One student, Chan Ho, was getting so excited to tell me something that he began to stutter. He couldn’t think of the English. Then finally he stops and says in a very serious tone, “Sarah Teacher, you are the Best English Teacher.” he pauses for dramatic effect, “Of..My…Life.” “Thank you, Chan Ho.”

Collecting your pension

One thing I did not mention in my first two posts about applying for a job in Korea is that my job includes a pension plan. The pension is on top of the salary, severance pay, round-trip airfare, health insurance and furnished apartment. Not bad, eh?

The pension is called a lump-sum pension refund. If you qualify, a small amount of money is taken out of your paycheck each month and matched by your employer. Unfortunately, my British and Kiwi coworkers pay into the pension yet do not qualify to receive the pension at the end of their contracts, yet Americans and Canadians can expect to receive their lump-sum pension refund four to five weeks after ending their contract.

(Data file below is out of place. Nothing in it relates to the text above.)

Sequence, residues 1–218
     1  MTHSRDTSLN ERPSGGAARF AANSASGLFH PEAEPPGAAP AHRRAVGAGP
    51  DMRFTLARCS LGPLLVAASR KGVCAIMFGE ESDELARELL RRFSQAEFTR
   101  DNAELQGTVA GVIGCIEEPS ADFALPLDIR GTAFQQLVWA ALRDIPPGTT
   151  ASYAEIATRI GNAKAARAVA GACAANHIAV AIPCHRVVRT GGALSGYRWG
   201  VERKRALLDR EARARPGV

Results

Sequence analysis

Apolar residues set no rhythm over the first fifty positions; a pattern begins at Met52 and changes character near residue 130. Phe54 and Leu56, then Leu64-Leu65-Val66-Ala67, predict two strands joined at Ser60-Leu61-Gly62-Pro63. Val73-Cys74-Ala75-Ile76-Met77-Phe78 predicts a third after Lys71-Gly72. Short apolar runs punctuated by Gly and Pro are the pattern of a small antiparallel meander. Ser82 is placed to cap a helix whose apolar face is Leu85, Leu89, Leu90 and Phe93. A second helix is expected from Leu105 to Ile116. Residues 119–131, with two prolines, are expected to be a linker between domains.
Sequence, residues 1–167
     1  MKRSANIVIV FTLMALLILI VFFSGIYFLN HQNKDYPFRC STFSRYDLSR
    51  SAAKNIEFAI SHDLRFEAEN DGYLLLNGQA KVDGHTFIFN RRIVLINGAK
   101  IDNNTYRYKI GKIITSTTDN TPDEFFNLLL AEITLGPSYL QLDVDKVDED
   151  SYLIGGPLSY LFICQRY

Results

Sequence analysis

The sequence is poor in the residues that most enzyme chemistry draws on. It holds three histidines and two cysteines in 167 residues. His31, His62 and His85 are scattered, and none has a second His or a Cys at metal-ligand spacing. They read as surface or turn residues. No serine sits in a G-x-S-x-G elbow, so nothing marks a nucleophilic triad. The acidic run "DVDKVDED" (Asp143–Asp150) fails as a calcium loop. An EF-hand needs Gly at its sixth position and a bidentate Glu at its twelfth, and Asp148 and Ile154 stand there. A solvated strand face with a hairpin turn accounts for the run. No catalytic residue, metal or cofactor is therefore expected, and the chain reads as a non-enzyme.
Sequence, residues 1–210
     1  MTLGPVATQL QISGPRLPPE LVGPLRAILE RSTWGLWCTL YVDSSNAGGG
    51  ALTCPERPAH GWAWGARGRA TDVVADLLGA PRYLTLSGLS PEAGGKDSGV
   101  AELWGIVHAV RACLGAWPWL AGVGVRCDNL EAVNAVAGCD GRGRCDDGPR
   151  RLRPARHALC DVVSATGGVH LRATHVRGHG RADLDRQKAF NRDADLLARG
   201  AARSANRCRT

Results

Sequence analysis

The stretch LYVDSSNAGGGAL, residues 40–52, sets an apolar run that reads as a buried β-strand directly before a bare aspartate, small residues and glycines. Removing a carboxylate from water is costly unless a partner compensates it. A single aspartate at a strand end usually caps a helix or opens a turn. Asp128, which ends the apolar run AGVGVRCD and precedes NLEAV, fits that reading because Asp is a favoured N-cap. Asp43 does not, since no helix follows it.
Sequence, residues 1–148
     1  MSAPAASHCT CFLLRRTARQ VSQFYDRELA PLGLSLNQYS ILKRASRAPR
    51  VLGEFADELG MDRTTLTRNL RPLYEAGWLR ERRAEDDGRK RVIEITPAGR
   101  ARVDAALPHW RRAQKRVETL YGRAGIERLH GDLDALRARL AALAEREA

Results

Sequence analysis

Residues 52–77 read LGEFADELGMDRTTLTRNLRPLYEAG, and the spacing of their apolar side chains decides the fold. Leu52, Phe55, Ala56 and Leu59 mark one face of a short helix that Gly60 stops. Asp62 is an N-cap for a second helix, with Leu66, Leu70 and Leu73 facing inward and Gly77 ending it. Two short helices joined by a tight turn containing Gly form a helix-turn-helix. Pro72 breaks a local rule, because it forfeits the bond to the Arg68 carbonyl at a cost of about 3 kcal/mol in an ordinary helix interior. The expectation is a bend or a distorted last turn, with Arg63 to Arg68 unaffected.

That is what 9 million won looks like in 50,000 won notes. Not too shabby.
That is what 9 million won looks like in 50,000 won notes. Not too shabby.

My pension is meant to be around 1.6 million won (or $1,550)** after working in Korea for 12 months. For me, the best part about this money is that it was an added “savings” account for me. While in Korea I was able to save about 59% of my paycheck, this is added savings that I did not have to account for.

Collecting your lump-sum pension refund in Daegu is easy. The woman in the office in Daegu speaks English. Some male foreign teachers have tried to snag her number; she is good looking, too. I recommend visiting the office four weeks before you fly out of Korea to give you time in case you’re missing documents.

It is an easy trip to the National Pension Service Office.

Be sure to bring:

  • Passport (original)
  • Alien Registration Card
  • Flight ticket (should be within one month of departure date)
  • If you want your money transferred into your KEB account, bring your KEB bank account passbook
  • If you want the money transferred into your home country’s bank account, bring the following information: bank’s address, phone number, account number, routing number, and a copy of a bank statement.